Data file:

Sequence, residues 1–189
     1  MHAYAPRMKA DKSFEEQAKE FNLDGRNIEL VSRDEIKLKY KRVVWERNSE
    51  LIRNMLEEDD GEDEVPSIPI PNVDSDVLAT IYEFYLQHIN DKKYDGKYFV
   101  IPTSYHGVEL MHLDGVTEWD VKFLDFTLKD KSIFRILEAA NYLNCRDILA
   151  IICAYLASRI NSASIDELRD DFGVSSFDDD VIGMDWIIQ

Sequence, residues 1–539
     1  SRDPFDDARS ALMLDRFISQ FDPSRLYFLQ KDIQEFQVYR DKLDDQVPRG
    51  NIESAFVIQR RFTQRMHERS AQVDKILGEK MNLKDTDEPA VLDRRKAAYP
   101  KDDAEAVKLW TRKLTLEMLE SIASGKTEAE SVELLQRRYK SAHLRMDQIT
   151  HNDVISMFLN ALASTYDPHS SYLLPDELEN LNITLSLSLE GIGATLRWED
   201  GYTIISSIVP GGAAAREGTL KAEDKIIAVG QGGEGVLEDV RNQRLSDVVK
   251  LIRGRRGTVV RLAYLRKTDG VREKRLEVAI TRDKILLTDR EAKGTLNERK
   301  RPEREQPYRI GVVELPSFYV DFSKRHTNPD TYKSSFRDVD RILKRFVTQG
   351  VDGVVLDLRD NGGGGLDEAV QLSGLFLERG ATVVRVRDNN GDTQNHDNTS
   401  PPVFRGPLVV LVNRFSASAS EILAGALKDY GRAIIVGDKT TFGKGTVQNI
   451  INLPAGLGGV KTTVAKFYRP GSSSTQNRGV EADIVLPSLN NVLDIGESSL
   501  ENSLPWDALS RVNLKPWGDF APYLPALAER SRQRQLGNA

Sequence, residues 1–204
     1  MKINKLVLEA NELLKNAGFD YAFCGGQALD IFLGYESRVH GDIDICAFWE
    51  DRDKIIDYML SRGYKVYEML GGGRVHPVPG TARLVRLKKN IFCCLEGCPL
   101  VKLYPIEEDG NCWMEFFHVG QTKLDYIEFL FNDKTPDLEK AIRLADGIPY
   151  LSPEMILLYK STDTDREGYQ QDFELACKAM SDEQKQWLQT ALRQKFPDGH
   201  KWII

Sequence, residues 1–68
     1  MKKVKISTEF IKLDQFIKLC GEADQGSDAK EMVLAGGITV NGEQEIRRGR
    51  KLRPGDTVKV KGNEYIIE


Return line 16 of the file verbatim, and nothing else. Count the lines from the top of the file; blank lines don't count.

   451  INLPAGLGGV KTTVAKFYRP GSSSTQNRGV EADIVLPSLN NVLDIGESSL